IGF



Project

Particle fluxes in urban environment with remote sensing

Narodowe Centrum Nauki, SONATINA


Project type: Research project

Affiliation: Institute of Geophysics, Atmospheric Physics Department

Project realisation: Oct. 1, 2021 - Sept. 30, 2023

dr Pablo Ortiz Amezcua Project leader

In the last decades, there is an increasing interest on the climate change and air quality, and how natural and human-driven processes affect them. Human activities have caused approximately 1.0ºC of global warming above pre-industrial levels, and this warming is likely to reach 1.5ºC between 2030 and 2052. However, there are several atmospheric components and mechanisms that are not sufficiently understood, measured or whose effect still presents high uncertainties.

This is the case of atmospheric aerosols, i.e. the solid or liquid particles that are suspended in the air, excluding cloud particles and precipitation. Aerosol particles originate from natural sources, such as windblown dust, sea spray, volcanoes, smoke from fires or pollen, and from human activities, such as combustion of fuels or agricultural biomass burning. They can stay in the atmosphere from a few days to a few weeks and have a strong impact on it, modifying its warming rate, affecting cloud formation and even human health. In particular, the exchange of aerosol particles between the atmosphere and the Earth’s surface (known as aerosol or particle flux) plays here a significant role, but this vertical exchange depends in a complicated way on surface characteristics and meteorological conditions in the lowermost region of the atmosphere. Moreover, the vertical movement of particles is often combined with other complex processes, such as water uptake due to changing humidity, cloud droplet formation, or chemical changes. For abovementioned reasons, adequate measurements are difficult to obtain, and it is still unclear how different ecosystems emit particles of different sizes to the atmosphere and how different surfaces remove particles from the atmosphere.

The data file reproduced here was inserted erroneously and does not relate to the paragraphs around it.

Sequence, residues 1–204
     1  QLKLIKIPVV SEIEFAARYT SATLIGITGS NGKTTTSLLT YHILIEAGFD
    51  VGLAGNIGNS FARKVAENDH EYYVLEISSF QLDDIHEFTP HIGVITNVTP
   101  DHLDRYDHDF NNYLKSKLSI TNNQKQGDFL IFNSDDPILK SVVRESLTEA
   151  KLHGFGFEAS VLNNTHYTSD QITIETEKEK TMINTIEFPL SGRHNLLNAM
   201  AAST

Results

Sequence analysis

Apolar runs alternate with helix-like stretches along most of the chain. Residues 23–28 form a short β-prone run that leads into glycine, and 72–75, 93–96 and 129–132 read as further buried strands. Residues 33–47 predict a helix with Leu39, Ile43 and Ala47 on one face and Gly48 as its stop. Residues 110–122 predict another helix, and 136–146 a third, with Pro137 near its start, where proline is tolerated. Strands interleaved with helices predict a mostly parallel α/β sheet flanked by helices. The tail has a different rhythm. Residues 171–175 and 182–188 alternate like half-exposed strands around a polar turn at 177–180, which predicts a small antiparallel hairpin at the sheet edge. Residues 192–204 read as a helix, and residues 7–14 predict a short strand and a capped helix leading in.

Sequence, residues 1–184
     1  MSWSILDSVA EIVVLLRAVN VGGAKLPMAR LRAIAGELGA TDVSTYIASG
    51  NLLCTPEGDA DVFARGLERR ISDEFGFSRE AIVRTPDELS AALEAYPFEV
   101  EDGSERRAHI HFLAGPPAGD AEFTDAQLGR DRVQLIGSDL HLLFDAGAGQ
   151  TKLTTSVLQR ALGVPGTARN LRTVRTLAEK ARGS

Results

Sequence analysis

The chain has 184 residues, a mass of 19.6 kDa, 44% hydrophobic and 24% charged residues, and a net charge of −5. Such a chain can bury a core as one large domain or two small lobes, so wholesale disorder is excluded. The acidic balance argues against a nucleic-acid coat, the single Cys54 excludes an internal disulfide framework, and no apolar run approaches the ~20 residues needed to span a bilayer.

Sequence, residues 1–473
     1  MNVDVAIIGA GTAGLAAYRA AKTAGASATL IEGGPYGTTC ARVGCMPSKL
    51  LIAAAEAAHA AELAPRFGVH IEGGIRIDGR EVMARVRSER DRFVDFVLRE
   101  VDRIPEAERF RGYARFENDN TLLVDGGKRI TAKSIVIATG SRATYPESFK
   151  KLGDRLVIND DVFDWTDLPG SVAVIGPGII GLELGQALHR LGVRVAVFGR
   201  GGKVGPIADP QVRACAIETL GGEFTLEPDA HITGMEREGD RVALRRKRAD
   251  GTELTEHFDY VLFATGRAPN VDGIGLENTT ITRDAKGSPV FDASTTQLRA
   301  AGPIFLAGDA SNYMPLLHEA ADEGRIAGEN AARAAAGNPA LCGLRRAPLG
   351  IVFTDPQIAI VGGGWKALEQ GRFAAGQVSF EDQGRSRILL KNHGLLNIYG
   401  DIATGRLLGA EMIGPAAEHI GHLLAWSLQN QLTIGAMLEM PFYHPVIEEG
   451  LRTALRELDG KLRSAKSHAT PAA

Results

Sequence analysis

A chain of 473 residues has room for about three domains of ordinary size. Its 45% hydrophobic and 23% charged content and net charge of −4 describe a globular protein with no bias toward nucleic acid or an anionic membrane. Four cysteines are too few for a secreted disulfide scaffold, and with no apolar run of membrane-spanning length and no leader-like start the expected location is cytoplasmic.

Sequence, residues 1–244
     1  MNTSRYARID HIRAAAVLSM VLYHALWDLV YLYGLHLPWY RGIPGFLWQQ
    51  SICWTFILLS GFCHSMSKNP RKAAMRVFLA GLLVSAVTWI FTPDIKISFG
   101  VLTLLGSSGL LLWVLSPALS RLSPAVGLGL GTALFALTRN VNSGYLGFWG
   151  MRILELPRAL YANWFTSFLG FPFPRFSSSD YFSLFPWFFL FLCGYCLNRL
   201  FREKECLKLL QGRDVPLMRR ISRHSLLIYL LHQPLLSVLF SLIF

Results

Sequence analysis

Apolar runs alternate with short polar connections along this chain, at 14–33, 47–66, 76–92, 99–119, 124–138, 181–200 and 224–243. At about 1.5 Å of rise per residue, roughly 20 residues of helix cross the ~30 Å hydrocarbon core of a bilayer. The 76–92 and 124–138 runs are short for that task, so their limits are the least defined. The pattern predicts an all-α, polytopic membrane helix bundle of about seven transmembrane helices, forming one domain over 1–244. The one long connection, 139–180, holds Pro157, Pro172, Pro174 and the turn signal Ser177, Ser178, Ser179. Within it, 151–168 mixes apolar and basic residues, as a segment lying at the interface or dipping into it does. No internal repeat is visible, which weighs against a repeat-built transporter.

For aerosol flux studies, a combined analysis of several processes is needed. In addition to a proper characterization of aerosols (in terms of shape, size, amount, etc.), the right measurement of air movements is crucial. Those movements include the mean wind, but also a turbulent component due to arbitrary air shifts driven by different sources. Therefore, the measurement of those winds and turbulent sources and mechanisms are essential.

In this context, the proposed project aims at evaluating the aerosol flux in the urban environment of Warsaw. We will compare the calculated exchanges with other urban locations from Northern and Southern Europe, where different meteorological conditions are predominant. This research will be done within an intensive international cooperation with Spain and Finland.

Our research will be based on lidar (acronym of LIght Detection and Ranging) systems. This technique has become in the last decades one of the most efficient for atmospheric studies, due to its huge potential. Its main strength is the possibility of routine measurements with high vertical and temporal resolution. Unique Raman lidar system at the Remote Sensing Laboratory (RS-Lab) of the Faculty of Physics of the University of Warsaw will provide information on the distribution of aerosols in the atmosphere, including characterization of their properties. This system measures continuously the aerosol optical properties in 12 channels and can be used to derive the amount of aerosol, the size, and shape of aerosol particles, as well as the height and thickness of the formed aerosol layers. A Doppler lidar from University of Granada (Spain)
will be used for wind and turbulent measurements. This instrument measures the wind speeds and directions every 2 seconds at different altitudes from the ground, allowing to obtain both the mean winds and the turbulent structures and sources. This work will be carried out with a methodology developed in a cooperation with the Finnish Meteorological Institute (Helsinki, Finland).

The direct impact of this project in the scientific area will be the knowledge about the conditions and processes that facilitate vertical transport of aerosol particles in urban environments. As indirect and further
impact, the knowledge obtained will be the basis for parameterizations of aerosol fluxes for Numerical Weather Prediction Models and for air pollution studies and models. This will then have a crucial social impact, as decision makers need solid scientific bases in order to apply proper mitigation and adaptation policies.


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